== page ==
Nineteenth-Century Dock Labour in the Port of London

By George Pattison, published August 1966


In response to the usual characterisation of dock labour as casual and exploited, this article suggests that throughout the nineteenth century a clearer distinction needs to be made between the standard of living of the core of permanent and ‘preferable’ labourers and the casuals and outsiders at the dock gates. Specialised workers and ‘respectable’ labourers were at peace with their employers until the strikes of 1853, attributed to the threats of piecework and mechanisation.   The series of industrial disputes in the second half of the century were to some extent due to technical change and commercial pressures. The article concludes that problems perceived at the end of the century were more due to the employers’ failure to grasp decasualisation than to ‘socialist agitators’.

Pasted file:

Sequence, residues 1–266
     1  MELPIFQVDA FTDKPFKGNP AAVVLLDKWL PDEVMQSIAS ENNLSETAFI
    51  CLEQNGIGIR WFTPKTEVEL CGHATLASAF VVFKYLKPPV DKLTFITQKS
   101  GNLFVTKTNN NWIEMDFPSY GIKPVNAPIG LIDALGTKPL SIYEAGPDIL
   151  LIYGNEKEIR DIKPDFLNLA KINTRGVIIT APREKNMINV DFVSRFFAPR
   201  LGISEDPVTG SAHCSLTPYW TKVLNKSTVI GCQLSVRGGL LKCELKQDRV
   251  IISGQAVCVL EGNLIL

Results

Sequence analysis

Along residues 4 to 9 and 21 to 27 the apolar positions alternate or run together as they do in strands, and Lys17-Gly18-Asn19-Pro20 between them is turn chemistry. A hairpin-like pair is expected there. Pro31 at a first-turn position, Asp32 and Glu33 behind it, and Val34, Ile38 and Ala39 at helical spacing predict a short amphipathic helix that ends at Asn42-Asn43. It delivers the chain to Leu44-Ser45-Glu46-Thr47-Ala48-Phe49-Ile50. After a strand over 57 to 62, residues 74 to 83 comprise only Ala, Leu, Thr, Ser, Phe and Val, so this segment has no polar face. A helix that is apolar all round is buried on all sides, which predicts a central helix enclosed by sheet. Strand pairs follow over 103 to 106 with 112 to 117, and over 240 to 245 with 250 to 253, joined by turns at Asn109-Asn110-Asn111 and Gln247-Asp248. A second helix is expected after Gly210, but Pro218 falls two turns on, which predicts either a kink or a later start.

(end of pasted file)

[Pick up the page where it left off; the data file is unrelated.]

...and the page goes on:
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Filed under: Other (Nineteenth C) | Internal Waterways
Subjects include: Harbours & Dockyards

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